Upon reaching home plate, the crew jumped to the floor and began working the lower zone lining system in rows. They finished a significant amount of that work in August and began the cover installation on the north side of the reservoir near the access ramp section.
Prior to closing the work on the cover, the Raven CLI Construction crew will install the small section of wall left open for the access ramp. This will be the last area covered with geocomposite, geomembrane and cover materials as the crew “paints” its way out of the reservoir.
All access going forward will be done by walking down the 200-foot (61-m) slope to the base of the reservoir (Figure 3). Special care during this phase is required so there is no damage to the 60-mil (1.5-mm) liner or the 45-mil (1.1-mm) cover panels.
Once the system is installed and approved, inflation testing will be conducted on the floating cover system. That work will be performed in five sections, each of which will be isolated from the others by ballast tubes. Once the tubes are in place, the crew will place a fan on one of the hatches in that zone and begin to push air under the cover. The cover will lift and quality control (QC) personnel will enter under the cover to look for “star-lighting.” This is light that shows through, revealing any defects from under the cover. Even pinholes can be caught this way. Any concerns can be called to the top-side QC personnel for marking where repairs would be conducted.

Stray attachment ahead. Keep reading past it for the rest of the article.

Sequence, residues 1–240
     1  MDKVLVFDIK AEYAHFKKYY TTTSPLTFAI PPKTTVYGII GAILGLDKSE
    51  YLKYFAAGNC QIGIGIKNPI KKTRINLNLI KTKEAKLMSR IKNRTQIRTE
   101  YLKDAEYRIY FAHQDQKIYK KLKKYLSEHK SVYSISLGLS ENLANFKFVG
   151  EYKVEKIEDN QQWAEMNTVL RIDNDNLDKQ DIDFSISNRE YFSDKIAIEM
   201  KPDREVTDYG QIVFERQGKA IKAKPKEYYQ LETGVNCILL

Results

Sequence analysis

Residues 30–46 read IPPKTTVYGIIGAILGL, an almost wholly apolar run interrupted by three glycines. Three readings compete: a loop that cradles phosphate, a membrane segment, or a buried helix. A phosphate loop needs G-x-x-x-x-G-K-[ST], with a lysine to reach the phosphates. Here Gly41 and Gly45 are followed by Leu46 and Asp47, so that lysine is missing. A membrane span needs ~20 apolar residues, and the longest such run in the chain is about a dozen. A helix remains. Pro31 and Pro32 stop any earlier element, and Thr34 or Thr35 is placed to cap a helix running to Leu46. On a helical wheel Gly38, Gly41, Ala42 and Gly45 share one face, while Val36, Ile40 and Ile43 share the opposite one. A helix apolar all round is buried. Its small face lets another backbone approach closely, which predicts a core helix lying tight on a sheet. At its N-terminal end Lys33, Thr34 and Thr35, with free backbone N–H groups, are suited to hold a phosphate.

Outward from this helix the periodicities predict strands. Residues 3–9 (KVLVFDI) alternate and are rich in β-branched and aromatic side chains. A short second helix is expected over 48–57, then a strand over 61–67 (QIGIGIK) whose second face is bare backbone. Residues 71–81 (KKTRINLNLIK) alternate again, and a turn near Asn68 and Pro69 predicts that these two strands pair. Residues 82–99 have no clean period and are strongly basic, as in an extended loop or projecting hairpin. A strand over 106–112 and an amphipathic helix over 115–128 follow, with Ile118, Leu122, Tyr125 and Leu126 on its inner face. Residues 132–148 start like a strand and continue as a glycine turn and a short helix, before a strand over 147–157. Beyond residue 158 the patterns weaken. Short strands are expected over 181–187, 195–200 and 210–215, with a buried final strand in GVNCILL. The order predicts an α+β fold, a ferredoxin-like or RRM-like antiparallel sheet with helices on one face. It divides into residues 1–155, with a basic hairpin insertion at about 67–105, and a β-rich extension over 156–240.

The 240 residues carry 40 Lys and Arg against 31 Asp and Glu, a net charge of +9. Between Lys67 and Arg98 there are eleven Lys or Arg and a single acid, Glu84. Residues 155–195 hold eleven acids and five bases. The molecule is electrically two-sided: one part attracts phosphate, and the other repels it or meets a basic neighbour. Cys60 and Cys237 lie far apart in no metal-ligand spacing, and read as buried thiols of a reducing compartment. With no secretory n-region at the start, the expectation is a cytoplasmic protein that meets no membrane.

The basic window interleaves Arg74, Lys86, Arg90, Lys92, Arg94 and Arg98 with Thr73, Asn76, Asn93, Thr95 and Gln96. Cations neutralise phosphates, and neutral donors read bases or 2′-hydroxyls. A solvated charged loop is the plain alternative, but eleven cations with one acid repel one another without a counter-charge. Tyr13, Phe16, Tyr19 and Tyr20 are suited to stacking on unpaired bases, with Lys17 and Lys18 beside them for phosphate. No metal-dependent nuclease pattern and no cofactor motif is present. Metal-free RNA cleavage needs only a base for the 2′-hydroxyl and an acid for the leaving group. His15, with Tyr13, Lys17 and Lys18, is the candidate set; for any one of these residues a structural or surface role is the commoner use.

The cover includes many complex elements and requires significant care during the installation and construction quality assurance (CQA) phases. For example, there are 14 hatches designed into the cover (Figure 4). These enable divers to access the reservoir for inspections. The hatches are built with floats using 316 stainless steel for long-term durability. Those hatches and floats were built off-site by a metals company, and assembled by Raven at its Colton, Calif., fabrication plant (Figure 5).
If any repairs are required in the cover, the system would be deflated, and the repairs executed. The inflation and inspection process would then be repeated.
When the inflation QC is completed, and any repairs have been finalized, ballast tubes will be moved into their final design position. This will enable the filling and chlorination stages, which are to be managed by the Metropolitan Water District (MWD). The stages involve washing down the lining system with a chlorine solution, followed by slow filling the reservoir while a chlorine mix is introduced per water-supply safety regulations.
The site team consists of MWD, OHL, Hilts Consulting Group and Raven CLI Construction. We want to thank all members of the team for their ability to manage a challenging project while delivering a world-class storage reservoir.
Filling commenced in early January 2019.
Long fuse, tough job and lots of lessons.